Organizing for Ohio — And Against Kasich
Taxin’ John Kasich’s new budget proposal — especially his plan to slap a sales tax on virtually everything that happens in Ohio — has garnered widespread blowback. And among activist Democrats, it’s done nothing but stir up their energy and resolve to eject this incompetent blowhard from office next year.
Thursday night, Ohio Democratic Party chairman Chris Redfern came up to Cleveland to talk to Cuyahoga Democrats and share the party’s plans going forward.
The overflow crowd at the Stephanie Tubbs Jones Community Center in Shaker Heights, which included House minority leader Armond Budish, state senator Nina Turner, and many local municipal elected officials, indicated how determined Democrats are to see change in Columbus next year.
The mood was decided different from a similar meeting in the same room two years ago — and not just because the previous November’s results were decidedly different. At that meeting, ODP officials Doug Kelly and Lauren Groh-Vargo did a presentation that was greeted coolly. It focused on numbers — how many calls were made, how many doors were knocked on. The gist of it was “Look at all the wonderful work we did!” Given the loss of every state office the previous November, this tack irritated and angered many.
Kelly and Groh-Vargo are gone. And Redfern didn’t spend any time talking about the wonderful things we did last year, when we DID enjoy considerable success, but about what to do now. He talked about the importance of the 2013 races — mayoral and other municipal races. He pointed out the value of having Democratic mayors in places like Lima and Defiance, so that when 2014 statewide candidates go there, they can stand beside the local mayor.
Of course, the 2014 races were of major interest to the people in the room, because that’s when we can get rid of Taxin’ John, attorney general Mike DeWine, auditor Dave Yost, secretary of voter suppress … I mean STATE … Jon Husted, and of course, treasurer-when-he-feels-like-showing-up, Josh “The Empty Suit” Mandel.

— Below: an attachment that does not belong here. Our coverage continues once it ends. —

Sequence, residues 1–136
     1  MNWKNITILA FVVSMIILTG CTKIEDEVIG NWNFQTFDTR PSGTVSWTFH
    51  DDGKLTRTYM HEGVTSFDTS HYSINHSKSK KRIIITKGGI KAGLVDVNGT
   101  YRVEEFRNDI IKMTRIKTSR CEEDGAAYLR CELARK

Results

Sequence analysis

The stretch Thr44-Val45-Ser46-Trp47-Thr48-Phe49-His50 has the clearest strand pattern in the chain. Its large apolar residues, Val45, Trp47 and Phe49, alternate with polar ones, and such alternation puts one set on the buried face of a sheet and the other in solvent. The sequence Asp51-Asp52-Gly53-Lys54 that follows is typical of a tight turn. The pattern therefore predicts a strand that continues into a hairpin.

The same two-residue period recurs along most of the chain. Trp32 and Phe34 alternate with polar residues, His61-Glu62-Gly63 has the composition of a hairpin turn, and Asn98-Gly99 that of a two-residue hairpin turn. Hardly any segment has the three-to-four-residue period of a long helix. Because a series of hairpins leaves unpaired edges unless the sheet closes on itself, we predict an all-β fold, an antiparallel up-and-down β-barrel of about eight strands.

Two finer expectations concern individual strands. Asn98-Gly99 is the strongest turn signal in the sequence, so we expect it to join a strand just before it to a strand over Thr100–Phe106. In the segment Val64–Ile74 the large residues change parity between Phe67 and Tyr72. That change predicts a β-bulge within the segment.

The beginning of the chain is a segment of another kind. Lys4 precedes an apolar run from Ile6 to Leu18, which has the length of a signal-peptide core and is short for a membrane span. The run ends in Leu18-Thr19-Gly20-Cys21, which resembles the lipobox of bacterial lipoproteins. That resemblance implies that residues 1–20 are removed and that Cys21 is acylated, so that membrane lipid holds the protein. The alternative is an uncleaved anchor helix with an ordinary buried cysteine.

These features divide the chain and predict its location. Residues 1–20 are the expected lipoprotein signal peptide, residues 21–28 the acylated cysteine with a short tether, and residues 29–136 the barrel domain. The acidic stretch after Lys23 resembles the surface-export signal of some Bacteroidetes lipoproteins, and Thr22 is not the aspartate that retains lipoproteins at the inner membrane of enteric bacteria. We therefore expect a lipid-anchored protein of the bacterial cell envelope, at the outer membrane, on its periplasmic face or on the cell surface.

While saying that the ticket would probably not come together until late summer or fall — yet asserting “If you’re going to run for governor, the time to get in is now” — Redfern gave some strong hints as to what the ticket is going to look like.
He named all four of the commonly mentioned gubernatorial candidates — Ed FitzGerald, Betty Sutton, Tim Ryan and Rich Cordray. “It’s exciting to know the choice of candidates, compared to those on the other side,” he said.
He said, “John Carney is probably going to be running for auditor.” He said that Nina Turner has been spending her off hours in the party office making phone calls to potential supporters. “She’s a dynamic voice for reform in the secretary of state office,” Redfern said. She all but admitted after the meeting she’s running. And it’s unlikely there’s another candidate as committed, and no one has done comparable groundwork on election-related issues.
So it seems likely we’ll have a clear idea of our ticket long before Labor Day 2013. Redfern said that any party chair tries to avoid primary contests because they’re expensive and divisive. Many activists bristle at the idea that the party would push some candidates to run and others not to in order to have a clear field. But more likely, the willingness and ability to commit the time and energy it takes to run statewide will shape the field. How many people want to spend every day for more than a year (including — especially! — weekends) driving all over the state to talk to strangers at fish fries and pancake breakfasts? Not me, that’s for sure!
Redfern alluded to this in talking about the potential gubernatorial candidates. He pointed out that their decisions to run or not run could come down to whether a grueling campaign schedule conflicted with other considerations, including family.
I know some are touting insider knowledge that Rich Cordray is going to dump his job in D.C. to come back to Ohio and run. As Redfern pointed out, he’d have to do it soon, even though he’s got another year on his tenure as head of the Consumer Finance Protection Bureau, whether he’s confirmed or not. Would it appeal to him to give up a perfect-fit job that lets him spend evenings with his family to hit the rubber-chicken circuit, especially knowing that if he’s not confirmed, policy organizations and think tanks will be beating on his door to offer him jobs that pay three or four times as much as governor of Ohio? I am not so sure.
Regardless of who our candidate is, Redfern pointed out that there’s no reason to be pessimistic about our chances next year.
“Kasich is abrasive, coarse, polarizing,” he said. “He’s not a grassroots candidate. He is a right-wing ideologue. Because of this style, despite the economic rebound and [his] taking credit for the rebound of auto industry, his reelect number is 36%. On his worst day, Ted Strickland’s reelect number was 46% — in the midst of a recession. Let us not wring our hands about 2010. Let us learn from 2010.”
** Fired up! Ready to go! **